If your own journalist is the witness, then you don’t need to do further verification; you know that what they’ve seen is true. And that’s why the BBC has presence around the world, in Israel and Gaza, or in Ukraine, or in India, or Pakistan, or wherever it might be. That’s absolutely invaluable. And it’s the heart of the trust that offers audiences.

In a similar vein, how do you check your journalist’s biases. There are a lot of right wing and left wing news outlets that seem to be kind of reporting with an agenda. How do you make sure that individual journalists aren’t doing that within the BBC framework?

You know, that that’s sort of drummed into BBC journalists from from the get-go, from day one. And we have a simple phrase for that: “You leave your opinions at the door. All human beings have opinions; you can’t say to someone, you know, ‘take a scalpel out and carve out your opinions from your own personal being’.

We all have lived experiences and lifestyle preferences, and so on. And we’re all entitled, in democracies, to exercise a vote — whether it’s for a political party, or in a referendum, or whatever it might be — that is a right that those of us who live in the free world enjoy.

So, no-one says you cannot have views, but we do say you can’t express or display those views. And impartiality is really, really important. It’s the bedrock of what we do. So I don’t want to know how many of my colleagues exercise their vote, I don’t want to know what they think about a story. I want them to challenge positions on stories of all different hues and colours.

And if we did suspect that a member of staff was displaying some partisan opinions in a way that the audience could tell, then, obviously, we would deal with that, but it’s really central to the BBC News values, that that is not something that displays itself in their work.

And I think, by and large, because we’re not we’re not funded by a profit-and-loss shareholder system, we’re not paid for directly by any government, we have the ability, that sort of privilege, really, to have a special space in the media landscape, which encourages impartiality. Indeed, it relies on impartiality.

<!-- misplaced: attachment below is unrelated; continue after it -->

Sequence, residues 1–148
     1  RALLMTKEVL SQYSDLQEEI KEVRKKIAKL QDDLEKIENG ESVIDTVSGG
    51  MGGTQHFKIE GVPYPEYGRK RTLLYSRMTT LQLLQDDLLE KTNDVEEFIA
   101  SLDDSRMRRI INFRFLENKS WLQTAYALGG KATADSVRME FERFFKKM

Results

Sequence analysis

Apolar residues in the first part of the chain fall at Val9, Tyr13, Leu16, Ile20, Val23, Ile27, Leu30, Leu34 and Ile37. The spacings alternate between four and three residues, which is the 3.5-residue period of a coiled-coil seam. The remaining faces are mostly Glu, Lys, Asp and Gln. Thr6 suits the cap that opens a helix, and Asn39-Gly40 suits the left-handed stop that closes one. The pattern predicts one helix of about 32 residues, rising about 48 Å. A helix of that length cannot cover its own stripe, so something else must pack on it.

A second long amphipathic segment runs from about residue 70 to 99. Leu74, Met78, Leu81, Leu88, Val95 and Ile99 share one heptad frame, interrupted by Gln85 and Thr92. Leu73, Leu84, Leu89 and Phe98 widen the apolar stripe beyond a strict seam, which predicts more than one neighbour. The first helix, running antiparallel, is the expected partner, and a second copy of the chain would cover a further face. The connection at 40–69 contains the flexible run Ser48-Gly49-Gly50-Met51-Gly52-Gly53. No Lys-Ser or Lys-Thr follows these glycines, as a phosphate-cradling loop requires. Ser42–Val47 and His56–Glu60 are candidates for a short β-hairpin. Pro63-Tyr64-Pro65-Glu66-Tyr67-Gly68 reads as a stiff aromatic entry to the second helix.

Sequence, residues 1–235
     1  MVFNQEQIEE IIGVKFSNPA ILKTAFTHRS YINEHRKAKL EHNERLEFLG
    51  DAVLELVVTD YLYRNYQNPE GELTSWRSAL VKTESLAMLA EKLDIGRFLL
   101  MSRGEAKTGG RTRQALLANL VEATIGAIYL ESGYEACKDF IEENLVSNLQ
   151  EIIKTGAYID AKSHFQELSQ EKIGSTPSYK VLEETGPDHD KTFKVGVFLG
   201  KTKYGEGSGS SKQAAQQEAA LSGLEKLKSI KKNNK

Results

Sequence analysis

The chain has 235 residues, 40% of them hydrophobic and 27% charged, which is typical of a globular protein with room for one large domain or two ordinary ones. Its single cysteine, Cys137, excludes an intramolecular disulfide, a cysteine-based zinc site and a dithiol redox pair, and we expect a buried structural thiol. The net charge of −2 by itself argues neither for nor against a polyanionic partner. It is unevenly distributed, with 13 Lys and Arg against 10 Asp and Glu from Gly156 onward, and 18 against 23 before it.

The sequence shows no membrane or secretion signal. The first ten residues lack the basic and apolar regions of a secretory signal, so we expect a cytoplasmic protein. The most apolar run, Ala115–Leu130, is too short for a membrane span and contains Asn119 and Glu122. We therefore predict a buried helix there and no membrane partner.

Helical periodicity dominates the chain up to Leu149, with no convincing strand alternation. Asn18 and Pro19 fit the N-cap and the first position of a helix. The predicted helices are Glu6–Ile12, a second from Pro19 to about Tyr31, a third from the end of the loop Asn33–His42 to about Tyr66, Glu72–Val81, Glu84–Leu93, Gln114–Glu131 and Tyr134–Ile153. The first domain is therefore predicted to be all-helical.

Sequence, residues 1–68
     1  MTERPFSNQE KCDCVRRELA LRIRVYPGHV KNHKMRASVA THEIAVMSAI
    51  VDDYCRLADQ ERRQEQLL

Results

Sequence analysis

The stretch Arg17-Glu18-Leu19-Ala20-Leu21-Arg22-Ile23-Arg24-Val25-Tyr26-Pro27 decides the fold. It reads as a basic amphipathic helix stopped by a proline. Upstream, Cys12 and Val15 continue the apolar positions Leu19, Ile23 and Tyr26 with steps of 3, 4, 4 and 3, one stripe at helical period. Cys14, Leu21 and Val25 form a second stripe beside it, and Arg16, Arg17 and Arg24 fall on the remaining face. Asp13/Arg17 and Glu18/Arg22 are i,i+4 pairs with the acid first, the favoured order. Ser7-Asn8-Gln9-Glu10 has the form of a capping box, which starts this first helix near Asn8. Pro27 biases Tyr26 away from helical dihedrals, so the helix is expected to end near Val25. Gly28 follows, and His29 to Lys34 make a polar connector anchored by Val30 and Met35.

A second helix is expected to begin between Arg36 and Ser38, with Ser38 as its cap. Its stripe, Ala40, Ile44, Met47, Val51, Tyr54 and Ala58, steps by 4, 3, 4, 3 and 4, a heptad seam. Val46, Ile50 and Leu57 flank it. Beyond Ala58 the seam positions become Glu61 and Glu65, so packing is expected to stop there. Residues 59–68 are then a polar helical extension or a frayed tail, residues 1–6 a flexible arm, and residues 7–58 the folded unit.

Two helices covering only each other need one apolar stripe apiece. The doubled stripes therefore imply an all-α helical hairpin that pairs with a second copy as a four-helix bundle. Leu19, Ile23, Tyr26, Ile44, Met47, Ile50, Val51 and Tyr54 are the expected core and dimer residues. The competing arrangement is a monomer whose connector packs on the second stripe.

Are there any nascent trends that you can see blowing up over the next five-to-ten years, in terms of news-gathering, and reporting?

You mentioned fake news a little bit earlier in this conversation. And, I think I’m a big optimist about the world of journalism. I think more and more people are aware that things that are out there are not necessarily true just because they’re out there. So, raising the awareness of misinformation and disinformation is a big, big part of what we do, both by busting myths, and putting some facts behind claims and counterclaims. And also by telling people we’re doing it. We’ve launched a brand recently called BBC Verify, which is designed to display to audiences that we are going through checks and diligence before exhibiting our journalism to them.

We can do all the work in the world behind the scenes, and that has a big, big value. But it’s much more helpful if, at the same time, we tell people we are doing that; we are transparent about the processes we’re going through. And that, incidentally, involves being transparent about telling the audiences what we don’t know. Because being honest about what we don’t know is part of the fuller picture. These are these long-term behavioural patterns that we need to play a part in making sure of, that we double down on our values, that we ensure that verified impartial journalism is core to what we offer.

And that applies whether you’re watching the BBC News account on Tiktok, or you’re coming to the BBC News website, or you’re watching the global news channel.

It doesn’t matter where you’re getting it, the values need to be the same.